“Brad can throw better than Tim Tebow,” Wilson said. “Tim is a strong, hard runner. Brad is quick. He’s elusive. He can make you miss. He’s strong where it’s third- or fourth-and-one and we put him in as a wildcat, and he’ll move the chains. But also, he gives you that passing dimension Tim kind of is forced into sometimes because of the third-down situation.
“With Brad, he’s a true passer.”
Wilson also questions whether Tebow can develop into a bona fide starting quarterback.
“To say that he’s going to be out there every down and be able to drop back and pass, I don’t know,” he said. “We have to wait and see the work he puts in this offseason and the progress he made.”
Wilson, though, did offer some Tebow positives.
“I can definitely say that without Tim Tebow, the Jets have a very productive run game,” he said. “Now I see that if you add those running backs with the (offensive) linemen they already have, they can definitely improve their running game that much more.”
Whether he succeeds or doesn’t in New York, Tebow will receive a better chance for playing time at quarterback than what was offered by Jacksonville. ESPN’s Adam Schefter reported Tebow told the Broncos he wanted to play for New York rather than the Jaguars before Wednesday’s trade was officially consummated after a brief contract snag.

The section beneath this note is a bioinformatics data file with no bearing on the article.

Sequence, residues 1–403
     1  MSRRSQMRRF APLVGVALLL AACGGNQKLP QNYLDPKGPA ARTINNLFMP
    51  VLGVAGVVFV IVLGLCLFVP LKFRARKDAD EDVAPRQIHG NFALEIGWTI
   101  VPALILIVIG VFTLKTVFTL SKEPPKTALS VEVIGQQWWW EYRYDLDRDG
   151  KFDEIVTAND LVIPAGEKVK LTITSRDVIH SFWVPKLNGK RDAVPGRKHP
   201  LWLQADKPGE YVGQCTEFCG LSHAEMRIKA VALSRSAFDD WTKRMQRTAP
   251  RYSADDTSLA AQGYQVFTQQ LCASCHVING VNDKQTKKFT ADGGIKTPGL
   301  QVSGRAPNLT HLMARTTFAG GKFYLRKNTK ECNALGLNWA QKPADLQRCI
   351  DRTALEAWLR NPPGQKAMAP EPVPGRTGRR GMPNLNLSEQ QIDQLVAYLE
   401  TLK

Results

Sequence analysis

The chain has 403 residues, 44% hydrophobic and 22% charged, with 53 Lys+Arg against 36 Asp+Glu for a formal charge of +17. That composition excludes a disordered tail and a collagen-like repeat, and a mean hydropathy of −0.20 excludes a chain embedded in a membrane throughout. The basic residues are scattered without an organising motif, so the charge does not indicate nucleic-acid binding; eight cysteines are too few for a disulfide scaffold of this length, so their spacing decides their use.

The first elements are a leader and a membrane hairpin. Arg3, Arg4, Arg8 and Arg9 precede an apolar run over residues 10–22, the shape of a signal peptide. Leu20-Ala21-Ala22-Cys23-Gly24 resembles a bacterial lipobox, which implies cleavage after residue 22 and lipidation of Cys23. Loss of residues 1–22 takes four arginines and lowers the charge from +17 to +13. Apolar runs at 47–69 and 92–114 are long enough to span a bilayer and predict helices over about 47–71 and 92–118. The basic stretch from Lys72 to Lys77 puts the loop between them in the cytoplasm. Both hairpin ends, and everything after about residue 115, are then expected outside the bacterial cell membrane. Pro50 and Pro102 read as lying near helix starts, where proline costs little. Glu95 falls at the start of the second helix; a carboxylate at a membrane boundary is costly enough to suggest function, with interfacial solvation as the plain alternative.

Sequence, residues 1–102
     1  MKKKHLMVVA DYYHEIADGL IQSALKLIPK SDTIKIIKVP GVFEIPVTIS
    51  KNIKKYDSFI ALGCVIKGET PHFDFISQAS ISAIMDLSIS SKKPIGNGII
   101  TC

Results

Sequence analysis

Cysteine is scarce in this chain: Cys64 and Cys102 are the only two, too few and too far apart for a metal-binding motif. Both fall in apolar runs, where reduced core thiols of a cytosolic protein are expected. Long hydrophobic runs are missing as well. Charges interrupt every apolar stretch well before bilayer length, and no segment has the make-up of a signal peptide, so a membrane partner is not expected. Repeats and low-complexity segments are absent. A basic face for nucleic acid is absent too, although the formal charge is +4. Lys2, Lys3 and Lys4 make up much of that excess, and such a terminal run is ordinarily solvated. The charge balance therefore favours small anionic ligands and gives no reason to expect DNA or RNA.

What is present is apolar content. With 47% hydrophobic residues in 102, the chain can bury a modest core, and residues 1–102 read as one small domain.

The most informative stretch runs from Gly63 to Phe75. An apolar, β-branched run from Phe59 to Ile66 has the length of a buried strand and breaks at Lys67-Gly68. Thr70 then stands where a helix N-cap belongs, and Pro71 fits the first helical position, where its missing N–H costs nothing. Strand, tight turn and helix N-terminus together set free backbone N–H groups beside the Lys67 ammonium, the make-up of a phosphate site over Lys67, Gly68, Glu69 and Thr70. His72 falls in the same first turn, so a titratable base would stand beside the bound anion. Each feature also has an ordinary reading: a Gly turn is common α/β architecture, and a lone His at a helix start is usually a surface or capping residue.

The publicity that Tebow will bring shines an even greater light upon a team already facing much media attention. The New York Daily News first verified the lack of player confidence in Sanchez, who also had a feud with wide receiver Santonio Holmes that led to a rupture in their professional relationship.
Asked to gauge the impact of the potential distractions that will stem from Tebow’s NYC arrival, Leonhard said, “It’s hard to say. I think the biggest thing is Rex has to stay true to who he is to continue to make moves and be on the front page.
“When you’re already in New York and you’re going to get the attention, I don’t know if you need that. But they make football decisions. A lot of times, there’s a lot of attention drawn to them. Right or wrong, I always think they’re making the right decision. We’ve just got to see how it plays out.”
The Jaguars are dealing with a different type of fallout from the Tebow trade. New team owner Shahid Khan released a statement Wednesday that acknowledged the Jags’ pursuit of Tebow. It’s widely believed Jacksonville had Tebow relegated for a third-string role behind quarterbacks Chad Henne and Blaine Gabbert.
Jaguars cornerback and Jacksonville native Rashean Mathis understands why much of the city was gaga about Tebow, who once lived there, and why there would be potential anger over Tebow being spurned.
“I got questions whether I was in a bank or grocery store about Tim Tebow coming,” Mathis said. “It was a circus already before it was even decided.
“He decided what was best for him. That’s all you can ask for a guy. He had that choice, and he made that choice that was best for him. Maybe he didn’t want the circus that was going to be around him. Maybe he felt it would be better for him to go somewhere else. His career is still young.”
Mathis then said something that isn’t out of the question considering Tebow’s uncertain NFL future.
“It’s still not over,” he said. “Maybe he might finish as a Jaguar someday.”